Longing to grow our family and waiting on his timing has also allowed me to relate both to single women on my team who are longing for marriage, and friends in my passport country also struggling with infertility. I am grateful to connect with each of these women in ways that would have set us apart before, but loss and longing have bred connection. I would have never thought that infertility could have brought blessings. As I reflect on the relationships that have grown from my barrenness, I am amazed by how the Lord has worked to bring goodness into my life and answer my prayers for community.


Perhaps there are other things that God is working his goodness into that I have overlooked. Are there ways that you are overlooking his goodness and answer to prayer because it has come disguised in the cloak of adversity or hardship? How is God using hardship to foster community in your life?

Photo by Cristina Cerda on Unsplash

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8 Comments

  1. Laura June 5, 2021

    Thanks for sharing Gwen. I’m single and resonated deeply with much of what you wrote.

    1. Gwen E June 5, 2021

      I am glad that you resonated with me. I am constantly surprised at how similar these feelings are even when I have convinced myself that I am completely alone. Though we all do have unique experiences with grief and longing, there is power in sharing and being vulnerable. I appreciate the ways you connected aspects of this with singleness. Thank you for reading!

  2. Sarah Hilkemann June 8, 2021

    Gwen, thank you for sharing so honestly! While I don’t love the pain and longing of the journey of infertility for you, I’m so grateful for your heart and the way God has opened up paths for community through this. As someone who is single and longing for marriage, my heart also resonates with what you shared. Thank you!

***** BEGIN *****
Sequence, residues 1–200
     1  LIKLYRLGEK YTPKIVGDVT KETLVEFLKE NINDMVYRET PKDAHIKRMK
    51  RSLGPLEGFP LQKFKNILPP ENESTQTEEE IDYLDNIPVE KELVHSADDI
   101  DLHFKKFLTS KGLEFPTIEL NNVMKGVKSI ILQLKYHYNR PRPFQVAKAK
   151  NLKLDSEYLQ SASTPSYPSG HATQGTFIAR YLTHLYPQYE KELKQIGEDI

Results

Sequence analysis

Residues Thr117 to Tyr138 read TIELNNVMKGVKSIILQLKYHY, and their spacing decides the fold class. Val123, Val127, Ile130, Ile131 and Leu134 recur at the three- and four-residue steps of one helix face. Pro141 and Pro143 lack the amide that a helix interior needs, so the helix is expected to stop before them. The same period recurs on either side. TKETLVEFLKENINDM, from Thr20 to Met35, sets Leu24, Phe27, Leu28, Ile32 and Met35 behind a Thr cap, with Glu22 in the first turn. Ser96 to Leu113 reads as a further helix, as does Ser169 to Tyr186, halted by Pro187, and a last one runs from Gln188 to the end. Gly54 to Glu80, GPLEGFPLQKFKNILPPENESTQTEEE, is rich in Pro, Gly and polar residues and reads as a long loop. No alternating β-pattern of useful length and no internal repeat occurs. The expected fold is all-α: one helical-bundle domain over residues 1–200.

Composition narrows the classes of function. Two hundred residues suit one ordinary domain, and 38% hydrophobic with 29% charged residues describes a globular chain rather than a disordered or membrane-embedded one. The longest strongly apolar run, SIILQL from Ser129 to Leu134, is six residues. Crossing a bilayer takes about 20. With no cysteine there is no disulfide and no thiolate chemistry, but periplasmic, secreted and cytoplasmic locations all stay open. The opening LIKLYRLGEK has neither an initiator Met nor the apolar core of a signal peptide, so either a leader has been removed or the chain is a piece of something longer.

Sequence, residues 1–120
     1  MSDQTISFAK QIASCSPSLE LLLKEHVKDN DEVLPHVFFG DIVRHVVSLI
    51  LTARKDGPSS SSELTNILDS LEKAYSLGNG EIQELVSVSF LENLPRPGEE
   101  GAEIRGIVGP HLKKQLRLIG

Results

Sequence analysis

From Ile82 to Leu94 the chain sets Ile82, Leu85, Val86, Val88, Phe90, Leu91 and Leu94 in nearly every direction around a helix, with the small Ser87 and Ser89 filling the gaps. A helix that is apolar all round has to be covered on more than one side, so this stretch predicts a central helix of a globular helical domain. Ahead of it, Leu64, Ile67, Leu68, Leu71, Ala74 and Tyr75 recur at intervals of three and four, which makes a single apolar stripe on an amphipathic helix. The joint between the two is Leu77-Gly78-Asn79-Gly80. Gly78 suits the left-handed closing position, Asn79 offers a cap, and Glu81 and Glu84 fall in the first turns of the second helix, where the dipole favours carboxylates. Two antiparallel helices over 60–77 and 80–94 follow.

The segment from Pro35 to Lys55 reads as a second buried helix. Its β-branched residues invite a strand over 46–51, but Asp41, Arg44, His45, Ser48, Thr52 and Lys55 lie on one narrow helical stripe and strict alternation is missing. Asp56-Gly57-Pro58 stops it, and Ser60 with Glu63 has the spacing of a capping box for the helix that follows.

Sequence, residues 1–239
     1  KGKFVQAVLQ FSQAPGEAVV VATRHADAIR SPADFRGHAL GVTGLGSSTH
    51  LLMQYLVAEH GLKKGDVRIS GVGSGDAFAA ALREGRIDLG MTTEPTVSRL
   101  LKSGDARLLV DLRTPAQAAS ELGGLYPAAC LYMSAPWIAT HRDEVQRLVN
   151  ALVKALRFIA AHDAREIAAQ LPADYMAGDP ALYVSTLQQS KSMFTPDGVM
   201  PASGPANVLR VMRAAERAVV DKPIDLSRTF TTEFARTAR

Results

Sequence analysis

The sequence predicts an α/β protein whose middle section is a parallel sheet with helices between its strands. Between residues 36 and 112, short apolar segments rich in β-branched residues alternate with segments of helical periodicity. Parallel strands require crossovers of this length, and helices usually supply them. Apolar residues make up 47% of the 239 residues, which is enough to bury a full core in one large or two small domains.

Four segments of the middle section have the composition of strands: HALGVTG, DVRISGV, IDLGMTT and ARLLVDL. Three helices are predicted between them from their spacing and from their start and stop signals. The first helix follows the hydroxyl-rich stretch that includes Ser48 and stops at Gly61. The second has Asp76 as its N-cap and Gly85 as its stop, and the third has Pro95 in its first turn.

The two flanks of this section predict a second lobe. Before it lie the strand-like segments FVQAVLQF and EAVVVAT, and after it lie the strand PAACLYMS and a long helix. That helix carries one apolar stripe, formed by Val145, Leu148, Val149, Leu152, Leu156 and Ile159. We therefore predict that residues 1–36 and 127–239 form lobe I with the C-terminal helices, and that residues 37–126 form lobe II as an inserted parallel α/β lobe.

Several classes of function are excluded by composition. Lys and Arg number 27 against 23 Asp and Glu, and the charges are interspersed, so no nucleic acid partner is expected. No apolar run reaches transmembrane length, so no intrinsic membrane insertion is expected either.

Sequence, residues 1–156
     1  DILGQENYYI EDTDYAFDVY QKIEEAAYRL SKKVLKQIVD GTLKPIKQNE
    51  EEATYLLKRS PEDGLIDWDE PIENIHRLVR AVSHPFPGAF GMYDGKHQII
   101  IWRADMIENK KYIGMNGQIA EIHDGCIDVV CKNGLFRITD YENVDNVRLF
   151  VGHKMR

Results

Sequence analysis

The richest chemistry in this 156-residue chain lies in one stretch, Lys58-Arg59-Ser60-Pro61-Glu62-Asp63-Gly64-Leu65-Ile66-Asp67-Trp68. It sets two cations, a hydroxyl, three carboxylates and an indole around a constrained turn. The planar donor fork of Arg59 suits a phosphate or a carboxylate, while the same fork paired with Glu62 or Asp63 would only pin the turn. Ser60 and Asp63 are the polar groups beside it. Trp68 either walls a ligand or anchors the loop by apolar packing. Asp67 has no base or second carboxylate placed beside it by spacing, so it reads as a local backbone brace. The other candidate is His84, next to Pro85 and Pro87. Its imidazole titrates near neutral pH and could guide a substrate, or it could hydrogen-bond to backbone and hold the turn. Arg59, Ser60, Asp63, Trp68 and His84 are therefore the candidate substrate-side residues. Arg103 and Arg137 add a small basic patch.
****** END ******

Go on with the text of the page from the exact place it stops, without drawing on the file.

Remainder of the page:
1. Gwen E June 8, 2021

      Sarah,
      Thank you for letting my words speak to you! I feel like the Lord has given me this opportunity to understand grief and longing on another level – these are universal emotions! While I never would have asked or imagined how he would bring about these opportunities for connection, I am so glad that He did. I get to experience deeper levels of connection and friendship because of it.
      Thank you for sharing your heart here too!

  3. Theresa June 23, 2021

    It is so crazy how being vulnerable about something that is deeply painful can actually bring connection and encouragement. It’s happened to me, too, and always feels a little counter-intuitive. Thank you for writing this to give us the chance to relate, too!

    1. Gwen E June 30, 2021

      Counter-intuitive is the perfect way to describe it! Thanks for the encouragement.

  4. Bonita June 26, 2021

    I am very sorry for your grief and how hard the infertility must be for you. However, as a woman who has been married for 12 years with no children (not by my choice so much as God’s) I have been encouraged by how much my husband and I are able to do partly because we don’t have kids. I understand the looks and feeling that people think you haven’t grown up yet but I am thankful for the opportunities as well. Recently I was encouraged by the story of Abram and Sarai who were able to pick up and move, maybe partly because they didn’t have any kids. This doesn’t take away the pain but I hope God continues to give you a rich life in whatever way he sees best for you!

    1. Gwen E June 30, 2021

      Bonita,
      Yes, thank you for pointing those freedoms out. As much as I have longed for children, I have still seen God work and bring his glory about in countless ways. I used to think his glory would mean a pregnancy, but I have seen him work in ways that were and are much bigger than I would have asked or imaged.
      Thanks for the encouragement!